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Did you hear... Truemors doesn't suck

Despite founder Guy Kawasaki's reveling in the site's bad reviews, Truemors is actually a good way to spend a few minutes each day.

When former Apple evangelist Guy Kawasaki launched Truemors two months ago, the site was not well-received. The quality of the user-generated content on the site was low. The U.K. tech site The Inquirer called it the "worst Web site ever discovered."

But it's been a while, and the site has improved. Although Kawasaki is using the site as an example of what can be done on the Web when your personal brand is high and Web developers are cheap -- he says, "You can do a stupid thing for $12,000. Life is good!" -- the site is actually not stupid. It's interesting, and far from the worst Web 2.0 app out there. So forget the man behind the site. Let's look at it as just another Web 2.0 start-up.

Truemors is a "rumors" site. The idea is that you submit a gossip item, and then other people mark it as interesting or not. The interesting items bubble up to the top. Users can also comment on rumors.

My Truemor. Plausible? Maybe. But fake. (I dictated this rumor into the Truemors phone service.)

There are smart elements to Truemors. First, if you've got an item, it's very easy to post it. You can submit items by Web form, e-mail, SMS, and even by voice (Spinvox does the speech-to-text). Since it's a gossip site, you can submit items anonymously.

Interesting science rumors. CNET Networks

Truemors is easy to read. There's a length limit on posts, and items are broken out by category. If you're interested in politics, food, tech, or sex, you can dive right into those and other categories. And the content is not bad. You don't get the geek overload that you do with Digg. Checking the site over the past few days, I found several interesting items, both gossip and actual news. (Unfortunately, the category pages don't yet have their own RSS feeds.)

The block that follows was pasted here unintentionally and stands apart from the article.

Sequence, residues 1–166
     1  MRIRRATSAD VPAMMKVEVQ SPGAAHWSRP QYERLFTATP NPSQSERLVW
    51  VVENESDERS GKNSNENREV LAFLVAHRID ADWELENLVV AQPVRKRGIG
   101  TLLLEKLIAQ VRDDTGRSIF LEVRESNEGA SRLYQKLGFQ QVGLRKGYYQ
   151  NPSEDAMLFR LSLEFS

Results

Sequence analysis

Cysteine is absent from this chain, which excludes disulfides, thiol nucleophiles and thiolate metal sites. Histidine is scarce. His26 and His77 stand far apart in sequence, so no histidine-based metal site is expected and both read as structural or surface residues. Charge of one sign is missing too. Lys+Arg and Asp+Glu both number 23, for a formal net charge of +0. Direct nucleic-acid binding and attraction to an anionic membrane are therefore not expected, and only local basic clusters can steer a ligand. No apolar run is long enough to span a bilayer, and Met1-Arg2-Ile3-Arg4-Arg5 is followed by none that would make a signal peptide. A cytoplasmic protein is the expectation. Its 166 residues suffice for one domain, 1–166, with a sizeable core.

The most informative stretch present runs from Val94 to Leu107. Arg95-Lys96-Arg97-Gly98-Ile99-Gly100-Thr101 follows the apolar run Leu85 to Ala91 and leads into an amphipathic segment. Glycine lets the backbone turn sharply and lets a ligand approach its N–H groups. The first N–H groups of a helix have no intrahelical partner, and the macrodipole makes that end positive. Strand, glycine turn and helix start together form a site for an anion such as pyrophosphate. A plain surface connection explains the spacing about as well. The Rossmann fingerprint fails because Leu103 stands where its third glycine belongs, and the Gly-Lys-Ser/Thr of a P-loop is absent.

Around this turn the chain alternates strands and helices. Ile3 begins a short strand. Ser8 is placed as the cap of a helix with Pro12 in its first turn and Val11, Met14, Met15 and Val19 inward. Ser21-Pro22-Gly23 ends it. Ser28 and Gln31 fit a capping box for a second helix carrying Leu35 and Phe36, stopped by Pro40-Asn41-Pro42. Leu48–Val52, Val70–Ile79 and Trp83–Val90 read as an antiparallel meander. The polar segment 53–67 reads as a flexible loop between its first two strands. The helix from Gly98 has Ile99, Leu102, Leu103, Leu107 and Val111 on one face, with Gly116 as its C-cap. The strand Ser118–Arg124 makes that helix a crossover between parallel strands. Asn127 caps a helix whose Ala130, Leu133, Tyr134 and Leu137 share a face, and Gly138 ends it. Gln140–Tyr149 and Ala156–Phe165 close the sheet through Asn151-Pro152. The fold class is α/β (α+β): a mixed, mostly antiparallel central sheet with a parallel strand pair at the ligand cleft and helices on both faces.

However, for Truemors to work the way its designers intend, it has to be curated. The Truemors team removes slander, libel, pornography, abject promotional items, blatant advertising, and even boring items. The editorial touch-up on the user-generated items is what keeps the site entertaining and largely free of crap. As long as that can keep going (deputizing devoted readers is a way to do it for free) the site could stay useful.

If the site grows, it will need a more developed community. We'll need ways to follow or ignore items from certain people or groups. We'll need very active moderators, because a successful Truemors site will be overrun with items from bloggers who just prefix their blog headlines with "Did you hear..." and dump them on the site.

Meantime, I like it. It reminds me a bit of StumbleUpon, which is a very efficient way to waste time wandering the Net, except Truemors is text, which is even more efficient. In fact, Truemors reads a little like Harper's Magazine's "Findings" section, except that some of the items are fabrication. But it's still a surprisingly good way to scan for entertaining info tidbits.